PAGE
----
Saturday began about Aaron Hicks, then Torii Hunter became news, and by the end, it was Buxton, Buxton, Buxton. Oh, there was a ballgame in the middle there, too. Here are a few extras from a long, rain-soaked day at Globe Life Park:
— The Twins, missing two outfielders due to injury and suspension, used a makeshift lineup in Saturday’s 11-7 loss, and it cost them. Eddie Rosario, normally the left fielder, played right field and was fooled into a mistake that cost a run. With one out in the third, Shin-Soo Choo singled sharply to Rosario. Delino DeShields, who had doubled, slowed as he approached third base, and Rosario threw the ball softly to second baseman Brian Dozier. The moment he did, DeShields suddenly sped up and raced home, beating Dozier’s relay.
An inning later, Eduardo Escobar, the shortstop forced to play left field once more, settled under a deep fly ball, then suddenly allowed it to hit the base of the wall for an RBI double. It was an ugly look for an outfield defense that — Hicks’ dropped fly ball on Friday aside — had been improving lately. Poor Escobar, he thought he’d escaped the outfield when Danny Santana was send to Rochester, leaving the shortstop job for him.
— Hunter’s timing in dropping his suspension looks odd, given that the Twins were already missing an outfielder. But Hunter looked sick when he arrived at the ballpark, and though he was in the lineup, it was clear Paul Molitor was leery of playing him in this hot Texas weather. Some negotiation was necessary to make sure the player’s union was OK with Hunter simply dropping his appeal and taking the next two days to get well, but it all was smoothed out and Hunter went home to suburban Prosper to get well.
Meanwhile, Hicks’ elbow might end up costing him his starting job. The flare-up sounds bad enough to put him on the disabled list, and the Twins will turn over his job to Byron Buxton while he’s gone. Or longer — Molitor said he’s open to Buxton convincing him that he’s ready for the big leagues. Since Rosario seems to be taking hold of the left field job, and Hunter is having a strong season in right, Hicks might find himself battling Shane Robinson (and Jordan Schafer) just to keep the fourth-outfielder job. These next few weeks should be fascinating.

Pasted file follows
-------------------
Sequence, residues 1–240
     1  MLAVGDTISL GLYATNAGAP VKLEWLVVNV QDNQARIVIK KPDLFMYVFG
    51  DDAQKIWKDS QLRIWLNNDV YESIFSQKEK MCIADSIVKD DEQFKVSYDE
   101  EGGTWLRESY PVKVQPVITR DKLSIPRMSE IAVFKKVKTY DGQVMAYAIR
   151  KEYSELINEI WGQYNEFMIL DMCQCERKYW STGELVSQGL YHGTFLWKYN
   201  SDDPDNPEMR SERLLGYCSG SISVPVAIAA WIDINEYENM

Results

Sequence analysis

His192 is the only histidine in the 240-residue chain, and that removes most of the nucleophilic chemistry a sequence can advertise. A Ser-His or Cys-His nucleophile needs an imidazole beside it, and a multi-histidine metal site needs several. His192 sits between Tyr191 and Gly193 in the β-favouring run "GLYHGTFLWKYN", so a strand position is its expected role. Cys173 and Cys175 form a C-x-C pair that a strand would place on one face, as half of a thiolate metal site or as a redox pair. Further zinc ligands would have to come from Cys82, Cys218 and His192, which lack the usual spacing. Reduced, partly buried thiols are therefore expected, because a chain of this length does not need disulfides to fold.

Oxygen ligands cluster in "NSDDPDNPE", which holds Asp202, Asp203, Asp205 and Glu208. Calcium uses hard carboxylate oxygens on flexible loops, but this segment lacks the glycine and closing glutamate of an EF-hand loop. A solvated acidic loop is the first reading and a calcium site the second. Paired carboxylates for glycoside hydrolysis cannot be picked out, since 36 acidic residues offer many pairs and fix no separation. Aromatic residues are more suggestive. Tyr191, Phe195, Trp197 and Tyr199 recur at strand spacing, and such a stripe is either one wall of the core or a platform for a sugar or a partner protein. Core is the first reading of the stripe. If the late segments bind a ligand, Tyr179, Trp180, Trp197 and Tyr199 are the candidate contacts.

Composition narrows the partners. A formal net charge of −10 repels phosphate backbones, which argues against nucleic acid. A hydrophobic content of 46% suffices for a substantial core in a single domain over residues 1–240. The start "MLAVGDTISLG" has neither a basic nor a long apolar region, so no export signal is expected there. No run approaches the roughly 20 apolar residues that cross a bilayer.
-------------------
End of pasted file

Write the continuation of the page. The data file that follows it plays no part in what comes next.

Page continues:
— And finally: Buxton. Finally.
Twins fans have waited for this day for a long time, and it happened suddenly, without warning. Buxton will be in uniform on Sunday, and we’ll see if he’s ready to be a major leaguer. He’s almost two years older than Mike Trout was when he debuted back in 2011.
He’s only the latest of baseball’s elite prospects to get the chance. Already this season, top rookies like the Cubs’ Kris Bryant and Addison Russell (who visit Target Field next Saturday) and the Astros’ Lance McCullers have made their big-league debuts. Shortstop Carlos Correa, the only player taken ahead of Buxton in the 2012 draft, was promoted to the majors last week, and is 5-for-16 in his first four games with Houston. And the Indians announced Saturday afternoon that shortstop Francisco Lindor, another top-five-rated prospect, will make his debut the same day as Buxton.
It’s going to be a big day. Nervous yet?
“I’m not nervous now. I’m ready to get up there and get going,” Buxton said. “I’m sure once I get up there, nerves will start kicking a little bit.”
More than a little, pitcher Mike Pelfrey said. “I remember making my debut and not being able to feel my legs. I was just shaking,” Pelfrey said. “There’s nothing you can tell a kid like that, you kind of have to experience it. All the nerves, the butterflies, adrenalin, everything is going to be there. The emotions the first time are off the charts.”
So is his talent — and also perhaps the risk of promoting him straight from Double-A. It's interesting that the Twins made the move when their team is at its lowest ebb since the season's first week.
"The last thing you want to do is force a kid into something he’s not ready for. We’ve done that a few times here and guys have paid the consequences, either going back or with growing pains,” Molitor said. “We’ve been patient. … He’s playing every day, and yes he missed a year, but we’ll run him out there and see how he does.”